While driving back from our vacation, we stopped at a gas station in the upstate of South Carolina. And there in that gas station, while I waited to pay for my three varieties of Twix bars, I saw the display for Napoleon Dynamite merchandise. This was the last place I expected to be able to purchase keychains, stickers and wall mounts featuring the hero of this humble hit film. And yet there were all the “Vote for Pedro” and “Lyger: bred for its skills in magic” trinkets I cared to see.
Napoleon is something of a phenomenon: They’re playing sound bytes from the film at Reds games – people are putting bumper stickers on their car – some preachers are even slipping in obscure references into their sermons. What is it about this odd, quiet little film that appeals so much?
I won’t presume an academic treatise on why Napoleon appeals to so many – that would essentially prove that I just didn’t get it. Instead, I’ll simply tell you why I liked the movie. Bear in mind that about half way through the film, I thought “This is the most idiotic feature I’ve ever rented” – there seemed to be no action, little plot. I didn’t really find the characters all that engaging at first.
And then I realized that this was a teen movie, and the actors actually looked like teenagers, as opposed to the hyper-sexed refugees from Hef’s mansion that usually populate teen comedies. The cheerleaders actually looked like high school cheerleaders. Neither was there any of the typical zany hijinks and outsmarting of the doofus adults that have become stock and trade of most teen comedies. How about the obligatory coming of age sex scene between the male and female leads? Nope – another convention out the window.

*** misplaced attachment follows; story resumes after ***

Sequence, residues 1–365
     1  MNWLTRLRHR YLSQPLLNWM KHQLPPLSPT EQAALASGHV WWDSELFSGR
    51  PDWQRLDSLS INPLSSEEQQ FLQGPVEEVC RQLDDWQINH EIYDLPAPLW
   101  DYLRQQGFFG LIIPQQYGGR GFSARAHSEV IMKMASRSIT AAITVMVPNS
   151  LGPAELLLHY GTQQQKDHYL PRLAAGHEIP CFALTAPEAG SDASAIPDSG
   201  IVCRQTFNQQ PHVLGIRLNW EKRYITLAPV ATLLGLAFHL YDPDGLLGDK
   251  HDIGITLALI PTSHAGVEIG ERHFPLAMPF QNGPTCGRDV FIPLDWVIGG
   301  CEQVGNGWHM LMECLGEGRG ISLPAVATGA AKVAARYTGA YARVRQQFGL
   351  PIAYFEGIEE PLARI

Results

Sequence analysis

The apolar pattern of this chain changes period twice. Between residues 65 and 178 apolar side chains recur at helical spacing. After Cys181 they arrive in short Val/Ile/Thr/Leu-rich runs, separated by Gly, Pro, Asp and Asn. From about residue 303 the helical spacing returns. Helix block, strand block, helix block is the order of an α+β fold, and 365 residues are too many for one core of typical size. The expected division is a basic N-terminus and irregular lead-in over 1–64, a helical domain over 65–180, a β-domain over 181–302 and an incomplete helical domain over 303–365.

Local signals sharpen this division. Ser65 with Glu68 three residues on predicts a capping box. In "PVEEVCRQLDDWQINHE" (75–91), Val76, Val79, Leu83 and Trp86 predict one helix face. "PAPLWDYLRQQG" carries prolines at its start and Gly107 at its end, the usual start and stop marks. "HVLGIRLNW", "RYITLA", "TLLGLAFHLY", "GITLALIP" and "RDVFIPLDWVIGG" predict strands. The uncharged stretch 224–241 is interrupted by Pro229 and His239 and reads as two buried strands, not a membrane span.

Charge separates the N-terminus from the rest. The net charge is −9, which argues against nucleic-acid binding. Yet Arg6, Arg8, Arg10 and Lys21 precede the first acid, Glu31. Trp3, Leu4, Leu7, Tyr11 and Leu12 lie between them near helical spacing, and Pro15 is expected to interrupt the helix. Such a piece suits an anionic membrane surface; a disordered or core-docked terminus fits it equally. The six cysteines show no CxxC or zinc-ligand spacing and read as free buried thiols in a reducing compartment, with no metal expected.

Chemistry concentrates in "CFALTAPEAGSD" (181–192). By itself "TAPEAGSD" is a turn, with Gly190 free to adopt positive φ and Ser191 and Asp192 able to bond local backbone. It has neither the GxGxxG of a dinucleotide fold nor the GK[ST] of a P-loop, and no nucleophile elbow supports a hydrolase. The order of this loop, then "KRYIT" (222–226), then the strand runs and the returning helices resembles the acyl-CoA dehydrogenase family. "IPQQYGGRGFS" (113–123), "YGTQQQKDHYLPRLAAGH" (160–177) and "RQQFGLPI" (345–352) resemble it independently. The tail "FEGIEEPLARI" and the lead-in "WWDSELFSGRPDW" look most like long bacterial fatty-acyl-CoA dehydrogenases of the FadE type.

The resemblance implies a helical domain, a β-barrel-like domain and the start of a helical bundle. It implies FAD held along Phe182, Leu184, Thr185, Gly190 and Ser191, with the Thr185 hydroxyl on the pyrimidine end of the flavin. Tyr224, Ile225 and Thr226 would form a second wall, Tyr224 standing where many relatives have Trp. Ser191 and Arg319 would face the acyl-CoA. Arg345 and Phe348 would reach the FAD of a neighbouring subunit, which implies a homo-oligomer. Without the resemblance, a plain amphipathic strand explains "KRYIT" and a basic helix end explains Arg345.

Suddenly all the quirkiness made sense – the pet llama, the odd 80’s fashion statements, the penchant for tater tots and quesadillas, the love of tetherball as a pastime. What we had here was not a collection of stock characters, but of sketches of individuals who could actually be real – this was a film that looked at human life, with its disappointments and frustrations and weirdness and it affirmed the dignity of the oddballs. Those of us who were not the pretty boys in school suddenly found a hero we could identify with.
There’s more to tell and more to like, but I’m interested in your thoughts –
Soli Deo Gloria